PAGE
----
This book reads like a banquet prepared by a skilled chef that makes you groan in wondering satisfaction and ecstasy at every bite. As packed with psy...moreThis book reads like a banquet prepared by a skilled chef that makes you groan in wondering satisfaction and ecstasy at every bite. As packed with psychological epiphany as Jeffrey Eugenides's "The Virgin Suicides" is with physical details, it's a book made for gorging, expanding your mind and lifting your heart as you rush through the pages. Written in letters like "The Guernsey Literary and Potato Peel Pie Society" this book nevertheless has some of the most gut-kicking dialogs I've ever read. My only complaint is the ending, which is too anticlimactic for me. I wanted the book to go on and on, and at least be assured that the characters, while not living happily ever after, still have friends, and are actively questioning and changing their life, regardless of the many failures that come their way.(less)
I so identify with Oscar's geekitude, loneliness and cluelessness of the workings of the world. The back story is gripping and leads up to a powerful...moreI so identify with Oscar's geekitude, loneliness and cluelessness of the workings of the world. The back story is gripping and leads up to a powerful climax. The scattering of whole sentences in spanish is rather annoying, but the story moves along pretty well without my having to understand them anyway. And the Ringer in me rejoices in every reference to Tolkien's work. (less)
It rather annoyed me that adulthood and fatherhood hadn't changed one iota of Adrian's naivete and idealism. Otherwise, it's a fun romp, as usual. I'm...moreIt rather annoyed me that adulthood and fatherhood hadn't changed one iota of Adrian's naivete and idealism. Otherwise, it's a fun romp, as usual. I'm especially taken by William Mole and Archie Tait. (less)
Carla Hood had already sublet the rooms in Soho house to a transvestite, a psychic, a rent-boy, and a retired boxer. In addition, she harbored a wante...moreCarla Hood had already sublet the rooms in Soho house to a transvestite, a psychic, a rent-boy, and a retired boxer. In addition, she harbored a wanted woman in her attic. And to this already crowded house came Mark Upshaw, a graduate of Queen's College who's down on his luck. While Carla, in her struggle to make ends meet in the most outrageous and scheming ways, came upon an audacious plan that involves pawning Mark's matching set of leather suitcases, Mark, ever dreaming of returning to the glitzy community that had disowned him, became increasingly involved and perplexed with Carla and her motley crew of tenants, even braving the risk of getting arrested for her, completely compromising his already tarnished reputation. Romance ensues, yada yada yada.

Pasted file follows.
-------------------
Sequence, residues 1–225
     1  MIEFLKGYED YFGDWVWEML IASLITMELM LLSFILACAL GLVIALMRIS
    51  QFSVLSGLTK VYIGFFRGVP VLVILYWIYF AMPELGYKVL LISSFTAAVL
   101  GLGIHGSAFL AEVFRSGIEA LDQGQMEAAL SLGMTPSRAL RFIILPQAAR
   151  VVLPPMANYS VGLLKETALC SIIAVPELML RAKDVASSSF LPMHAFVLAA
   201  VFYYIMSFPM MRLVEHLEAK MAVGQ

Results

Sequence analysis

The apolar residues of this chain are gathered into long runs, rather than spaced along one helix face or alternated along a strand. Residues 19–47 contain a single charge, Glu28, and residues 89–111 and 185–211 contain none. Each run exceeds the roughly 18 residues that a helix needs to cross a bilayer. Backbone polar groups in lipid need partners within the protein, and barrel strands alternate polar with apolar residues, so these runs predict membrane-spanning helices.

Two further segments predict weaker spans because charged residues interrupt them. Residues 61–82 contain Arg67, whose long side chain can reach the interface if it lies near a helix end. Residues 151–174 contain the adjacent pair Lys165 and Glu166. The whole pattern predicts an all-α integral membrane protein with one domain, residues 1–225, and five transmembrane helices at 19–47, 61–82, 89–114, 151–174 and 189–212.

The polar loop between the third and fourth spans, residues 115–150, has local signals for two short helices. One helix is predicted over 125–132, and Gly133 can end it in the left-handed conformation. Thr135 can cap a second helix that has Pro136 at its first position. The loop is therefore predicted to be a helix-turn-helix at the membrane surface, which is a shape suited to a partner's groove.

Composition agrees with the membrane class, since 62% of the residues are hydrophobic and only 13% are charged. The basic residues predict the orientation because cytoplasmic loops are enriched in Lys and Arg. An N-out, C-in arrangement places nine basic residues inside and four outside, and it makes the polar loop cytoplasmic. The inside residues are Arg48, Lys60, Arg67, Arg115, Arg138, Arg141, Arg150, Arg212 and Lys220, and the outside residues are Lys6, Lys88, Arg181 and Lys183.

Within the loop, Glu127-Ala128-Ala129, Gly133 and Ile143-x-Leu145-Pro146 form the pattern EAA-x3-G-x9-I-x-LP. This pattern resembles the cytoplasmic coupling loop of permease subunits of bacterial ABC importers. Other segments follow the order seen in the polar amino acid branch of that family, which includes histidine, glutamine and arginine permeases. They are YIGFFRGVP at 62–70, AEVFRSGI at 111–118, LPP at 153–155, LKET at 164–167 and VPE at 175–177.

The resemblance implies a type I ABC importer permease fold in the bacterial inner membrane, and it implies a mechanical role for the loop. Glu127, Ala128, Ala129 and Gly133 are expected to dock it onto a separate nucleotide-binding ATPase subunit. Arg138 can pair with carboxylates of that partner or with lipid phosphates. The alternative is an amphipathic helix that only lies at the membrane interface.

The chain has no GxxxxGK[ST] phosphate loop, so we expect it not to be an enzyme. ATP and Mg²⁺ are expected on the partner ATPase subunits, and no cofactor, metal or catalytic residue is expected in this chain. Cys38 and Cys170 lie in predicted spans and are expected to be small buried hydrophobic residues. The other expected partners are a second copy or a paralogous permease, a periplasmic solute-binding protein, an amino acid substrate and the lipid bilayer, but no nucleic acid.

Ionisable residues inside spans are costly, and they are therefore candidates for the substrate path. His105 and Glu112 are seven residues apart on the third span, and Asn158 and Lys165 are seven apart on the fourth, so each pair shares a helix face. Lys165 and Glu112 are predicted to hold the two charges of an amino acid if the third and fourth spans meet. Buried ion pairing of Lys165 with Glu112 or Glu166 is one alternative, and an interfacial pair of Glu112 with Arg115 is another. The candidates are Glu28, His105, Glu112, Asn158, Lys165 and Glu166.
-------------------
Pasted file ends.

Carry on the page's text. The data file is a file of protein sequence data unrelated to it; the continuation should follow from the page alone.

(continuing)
The novel had a bumpy beginning, I didn't start to enjoy the story and find it gripping until three chapters in. The unexceptional, nothing-out-of-the-ordinary kind of romance is at odds with the otherwise edgy, breezy narratives. The characters are a little two dimensional. But I love the details of the setting, Clara's desperate resourcefulness, and the ending, while happy all around, is not too Cinderella. All in all, worth the three stars.(less)
Ram Mohammad Thomas won a billion rupees in a show not unlike Who Wants to be a Millionaire. But the game show producer suspected him of foul play, re...moreRam Mohammad Thomas won a billion rupees in a show not unlike Who Wants to be a Millionaire. But the game show producer suspected him of foul play, reasoning that there's no way a mere waiter with no schooling could answer all thirteen questions, even the trickiest ones, such as what the highest military honor in India is and in which Shakespeare play the character Costard makes his appearance.
To a lawyer who came to his rescue, Ram explained why he knew all the answers to the questions in the quiz. His colorful life and encounters with many characters had indeed been an education in itself. In fast-paced, no nonsense narratives that paint in details the grandeur and squalor of India, from Mumbai--the capitol of India's movie industry--to Agra and its magnificent Taj Mahal, Ram's adventures taught him many lessons on loss, love, deceit, kindness, injustice and guilt. The stories behind each answer reads like something O. Henry or de Maupassant might write, the twists taking you by surprise. I love how Ram remains steadfastly decent and conscientious, and yet practical, throughout the story, from its harrowing beginning to the satisfying conclusion.(less)